Salon, rarely the most Amazon-friendly of venues, has just run another story on the state of the indie bookstore sector in the U.S., and found surprisingly positive trends. And naturally, being Salon, it saw fit to headline the report with a hit at Amazon like: “The independent bookstore lives! Why Amazon’s conquest will never be complete.”
In the article, Andrew Leonard picks up on the same kind of data that I instanced previously on the relative fortunes of indie bookstores and major book chains (Borders in particular, of course) in the era of digital disruption. “Brick-and-mortar bookstores aren’t dead, yet,” he says. “On the contrary, independently owned bookstores are growing in number. According to the American Booksellers Association, since hitting a nadir in 2009, the number of indie bookstores in the U.S. has grown 19.3 percent, from 1,651 to 1,971.”
I’ll leave you all to head over to his article for the various arguments and data points he marshals in favor of his thesis. There’s plenty of good stuff there. But back to that headline. Did Amazon ever really want to trample the indie bookstores under its feet? Is a solitary main street one-man-band bookstore really ever going to make Jeff Bezos lose sleep? And above all, since both are totally different kinds of businesses, was Amazon ever likely to be a serious threat to the indie sector?
It makes sense if you think about it. Amazon’s fundamental value proposition is distribution and fulfillment. Distribution is obviously something that a standalone store does not do. Amazon is using exactly the same algorithms and infrastructure to sell a vast range of general merchandise that contributes the lion’s share of its revenues and has nothing to do with books. And, as Leonard points out, the bookstores themselves are learning how to use technology in their own ways and for their own purposes – which are not necessarily Amazon’s: “Bookstore owners have become adept at taking advantage of new technology to connect to customers.”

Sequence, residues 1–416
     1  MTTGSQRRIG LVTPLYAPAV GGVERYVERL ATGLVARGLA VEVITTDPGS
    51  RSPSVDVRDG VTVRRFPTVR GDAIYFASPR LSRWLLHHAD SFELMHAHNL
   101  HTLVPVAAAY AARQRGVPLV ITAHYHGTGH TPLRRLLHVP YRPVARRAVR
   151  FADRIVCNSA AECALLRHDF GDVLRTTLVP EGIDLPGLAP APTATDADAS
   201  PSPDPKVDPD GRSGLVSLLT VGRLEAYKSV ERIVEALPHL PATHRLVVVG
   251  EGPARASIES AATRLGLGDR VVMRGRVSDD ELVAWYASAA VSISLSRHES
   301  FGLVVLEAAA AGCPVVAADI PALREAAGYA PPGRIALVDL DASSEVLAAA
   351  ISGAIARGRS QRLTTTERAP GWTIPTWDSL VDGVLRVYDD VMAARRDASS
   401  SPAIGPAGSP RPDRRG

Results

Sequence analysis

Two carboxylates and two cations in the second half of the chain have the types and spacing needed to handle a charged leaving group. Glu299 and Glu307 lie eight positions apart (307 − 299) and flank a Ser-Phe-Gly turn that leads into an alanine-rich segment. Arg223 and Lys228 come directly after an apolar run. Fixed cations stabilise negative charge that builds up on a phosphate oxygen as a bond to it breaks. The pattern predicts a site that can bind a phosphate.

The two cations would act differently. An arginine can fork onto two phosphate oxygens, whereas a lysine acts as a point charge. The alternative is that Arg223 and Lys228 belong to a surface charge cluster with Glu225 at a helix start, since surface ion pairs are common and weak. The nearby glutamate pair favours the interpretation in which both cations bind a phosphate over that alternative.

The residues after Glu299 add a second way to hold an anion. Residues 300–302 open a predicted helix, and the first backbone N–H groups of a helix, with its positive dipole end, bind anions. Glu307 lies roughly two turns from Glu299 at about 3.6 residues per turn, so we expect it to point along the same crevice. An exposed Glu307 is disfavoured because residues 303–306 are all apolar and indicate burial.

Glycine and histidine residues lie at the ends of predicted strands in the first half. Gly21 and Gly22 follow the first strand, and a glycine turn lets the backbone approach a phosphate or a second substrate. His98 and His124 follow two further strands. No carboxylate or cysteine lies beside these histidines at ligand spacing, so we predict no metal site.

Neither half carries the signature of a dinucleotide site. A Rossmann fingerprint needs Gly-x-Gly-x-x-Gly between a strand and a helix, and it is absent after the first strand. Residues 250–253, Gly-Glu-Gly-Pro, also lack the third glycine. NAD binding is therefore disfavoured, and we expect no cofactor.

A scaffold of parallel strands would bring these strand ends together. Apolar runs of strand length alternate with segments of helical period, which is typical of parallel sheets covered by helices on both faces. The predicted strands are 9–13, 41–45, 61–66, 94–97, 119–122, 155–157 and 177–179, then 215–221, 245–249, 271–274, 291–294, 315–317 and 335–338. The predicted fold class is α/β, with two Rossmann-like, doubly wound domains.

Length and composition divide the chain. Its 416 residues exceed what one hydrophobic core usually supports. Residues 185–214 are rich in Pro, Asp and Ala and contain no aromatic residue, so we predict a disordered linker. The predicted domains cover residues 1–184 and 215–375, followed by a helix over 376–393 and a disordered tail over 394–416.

Leonard also instances another factor in the resurgence of indie bookstores in the U.S., though – the demise of Borders. “Indie-bookseller survival does not mean, however, that the larger trends unleashed by Amazon on the publishing industry are negated,” he points out. And that leads back to one important area where Amazon and the indie bookstores do resemble each other: They both excel in giving people what they want. That’s what Amazon’s distribution and fulfillment focus is about. It’s what indie bookstores live from too – even when they’re selling a location and an ambience as much as books. But it’s what big book chains – and big publishers – have historically been lousy at. Time they listened to the streets.
And time that Amazon got more credit for that democratization of demand. Those journalists who spend their time preaching the virtues of sucking up what the supplier chooses to pump your way do make you wonder sometimes.